Copula theory: Understanding this mapping ($t \mapsto C(t,a)$)

Suppose $C : [0,1]^2 \mapsto [0,1]$ is a copula function (i.e. a function whose range is the bivariate CDF and whose arguments are both the marginal univariate CDFs). Define $a \in [0,1]$ where the horizontal section of $C$ at $a$ is the function from $[0,1]$ to $[0,1]$ given by $t \mapsto C(t,a)$.

My question is what is this "$t \mapsto C(t,a)$" ??

$t$ hasn't been defined before and since the copula's domain is $[0,1] \times [0,1]$ I'm guessing that it's just some constant in $[0,1]$.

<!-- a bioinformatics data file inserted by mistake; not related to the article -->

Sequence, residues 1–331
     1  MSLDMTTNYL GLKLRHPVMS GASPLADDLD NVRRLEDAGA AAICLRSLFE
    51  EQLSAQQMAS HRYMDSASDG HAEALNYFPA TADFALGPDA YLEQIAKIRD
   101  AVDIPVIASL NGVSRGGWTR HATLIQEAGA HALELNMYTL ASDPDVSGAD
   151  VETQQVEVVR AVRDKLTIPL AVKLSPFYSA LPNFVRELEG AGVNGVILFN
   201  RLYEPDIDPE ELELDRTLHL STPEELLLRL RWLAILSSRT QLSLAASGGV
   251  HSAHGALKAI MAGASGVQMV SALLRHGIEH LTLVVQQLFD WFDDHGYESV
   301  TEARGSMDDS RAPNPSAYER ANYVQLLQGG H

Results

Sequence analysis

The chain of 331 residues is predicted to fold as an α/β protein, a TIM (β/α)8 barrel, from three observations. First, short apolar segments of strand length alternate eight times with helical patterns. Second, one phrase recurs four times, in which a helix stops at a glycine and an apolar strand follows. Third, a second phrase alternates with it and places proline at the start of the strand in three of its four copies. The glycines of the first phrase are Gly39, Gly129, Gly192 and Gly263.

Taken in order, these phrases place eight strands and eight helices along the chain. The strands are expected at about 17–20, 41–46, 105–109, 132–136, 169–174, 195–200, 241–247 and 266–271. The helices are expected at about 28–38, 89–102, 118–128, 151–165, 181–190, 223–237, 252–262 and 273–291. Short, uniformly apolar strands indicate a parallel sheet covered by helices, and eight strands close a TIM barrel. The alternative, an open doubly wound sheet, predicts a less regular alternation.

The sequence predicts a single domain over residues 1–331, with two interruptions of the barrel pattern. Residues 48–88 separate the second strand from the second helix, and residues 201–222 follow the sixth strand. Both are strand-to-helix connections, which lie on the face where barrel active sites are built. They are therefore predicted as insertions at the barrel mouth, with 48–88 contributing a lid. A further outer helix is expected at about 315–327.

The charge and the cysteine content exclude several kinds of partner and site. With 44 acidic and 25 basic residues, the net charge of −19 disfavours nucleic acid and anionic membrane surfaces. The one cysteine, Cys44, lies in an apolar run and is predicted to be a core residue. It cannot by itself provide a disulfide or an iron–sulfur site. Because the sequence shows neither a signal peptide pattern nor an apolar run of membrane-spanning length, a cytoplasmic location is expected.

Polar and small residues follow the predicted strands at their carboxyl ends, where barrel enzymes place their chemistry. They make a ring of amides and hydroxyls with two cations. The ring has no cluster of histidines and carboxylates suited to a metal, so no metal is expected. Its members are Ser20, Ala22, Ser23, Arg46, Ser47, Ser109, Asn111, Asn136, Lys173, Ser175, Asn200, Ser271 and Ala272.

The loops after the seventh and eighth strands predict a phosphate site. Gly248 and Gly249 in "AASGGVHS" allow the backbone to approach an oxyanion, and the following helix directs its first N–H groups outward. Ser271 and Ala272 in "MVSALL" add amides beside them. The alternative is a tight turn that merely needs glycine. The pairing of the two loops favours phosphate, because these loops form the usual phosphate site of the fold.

But since it's a constant why are they using the mapping notation?

-

migrated from stats.stackexchange.comMar 5 '13 at 16:09

This question came from our site for people interested in statistics, machine learning, data analysis, data mining, and data visualization.

This is the function $u:[0,1]\to\mathbb R$ such that $u(t)=C(t,a)$ for every $t$ in $[0,1]$. One can use the notation $u=C(\cdot,a)$.